, Mississippi , United States
|| June 03, 1808
|| December 05, 1889
|Contributor||Easily Offended Man|
Jun 03, 2013 10:19pm
|Info||DAVIS, Jefferson Finis, (son-in-law of President Zachary Taylor), a Representative and a Senator from Mississippi; born in what is now Fairview, Todd County, Ky., June 3, 1808; moved with his parents to a plantation near Woodville, Wilkinson County, Miss.; attended the country schools, St. Thomas College, Washington County, Ky., Jefferson College, Adams County, Miss., Wilkinson County Academy, and Transylvania University, Lexington, Ky.; graduated from the United States Military Academy, West Point, N.Y., in 1828; served in the Black Hawk War in 1832; promoted to the rank of first lieutenant in the First Dragoons in 1833, and served until 1835, when he resigned; moved to his plantation, ‘Brierfield,’ in Warren County, Miss., and engaged in cotton planting; elected as a Democrat to the Twenty-ninth Congress and served from March 4, 1845, until June 1846, when he resigned to command the First Regiment of Mississippi Riflemen in the war with Mexico; appointed to the United States Senate to fill the vacancy caused by the death of Jesse Speight; subsequently elected and served from August 10, 1847, until September 23, 1851, when he resigned; chairman, Committee on Military Affairs (Thirtieth through Thirty-second Congresses); unsuccessful candidate for Governor in 1851; appointed Secretary of War by President Franklin Pierce 1853-1857; again elected as a Democrat to the United States Senate and served from March 4, 1857, until January 21, 1861, when he withdrew with other secessionist Senators; chairman, Committee on Military Affairs and the Militia (Thirty-fifth and Thirty-sixth Congresses); commissioned major general of the State militia in January 1861; chosen President of the Confederacy by the Provisional Congress and inaugurated in Montgomery, Ala., February 18, 1861; elected President of the Confederacy for a term of six years and inaugurated in Richmond, Va., February 22, 1862; captured by Union troops in Irwinsville, Ga., May 10, 1865; imprisoned in Fortress Monroe, indicted for treason, and was paroled in the custody of the court in 1867; returned to Mississippi and spent the remaining years of his life writing; died in New Orleans, La., on December 6, 1889; interment in Metairie Cemetery, New Orleans, La.; reinterment on May 31, 1893, in Hollywood Cemetery, Richmond, Va.; the legal disabilities placed upon him were removed, and he was posthumously restored to the full rights of citizenship, effective December 25, 1868, pursuant to a Joint Resolution of Congress (Public Law 95-466), approved October 17, 1978. |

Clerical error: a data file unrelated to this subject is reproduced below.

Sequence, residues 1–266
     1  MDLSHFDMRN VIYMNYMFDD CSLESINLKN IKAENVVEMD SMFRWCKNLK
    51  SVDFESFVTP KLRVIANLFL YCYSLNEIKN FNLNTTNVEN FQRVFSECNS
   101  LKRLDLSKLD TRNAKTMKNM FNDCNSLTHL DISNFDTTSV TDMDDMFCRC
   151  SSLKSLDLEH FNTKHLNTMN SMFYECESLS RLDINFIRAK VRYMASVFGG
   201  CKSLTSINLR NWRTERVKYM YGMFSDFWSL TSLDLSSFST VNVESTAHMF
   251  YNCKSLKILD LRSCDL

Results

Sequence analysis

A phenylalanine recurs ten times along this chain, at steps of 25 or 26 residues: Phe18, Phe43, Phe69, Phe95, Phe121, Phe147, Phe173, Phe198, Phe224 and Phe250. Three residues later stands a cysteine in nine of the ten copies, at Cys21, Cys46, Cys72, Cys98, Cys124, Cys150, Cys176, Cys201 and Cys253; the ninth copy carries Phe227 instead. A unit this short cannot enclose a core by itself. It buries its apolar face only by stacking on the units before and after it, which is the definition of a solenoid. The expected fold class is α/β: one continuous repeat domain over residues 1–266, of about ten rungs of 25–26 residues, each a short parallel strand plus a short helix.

First Appeared on a United States Postage Stamp in 1970.
Vote totals for elections in which was nominated for the Hall of Fame for Great Americans (1900-1965): 1930-3, 1935-8, 1950-1, 1955-1, 1960-44, 1965-38.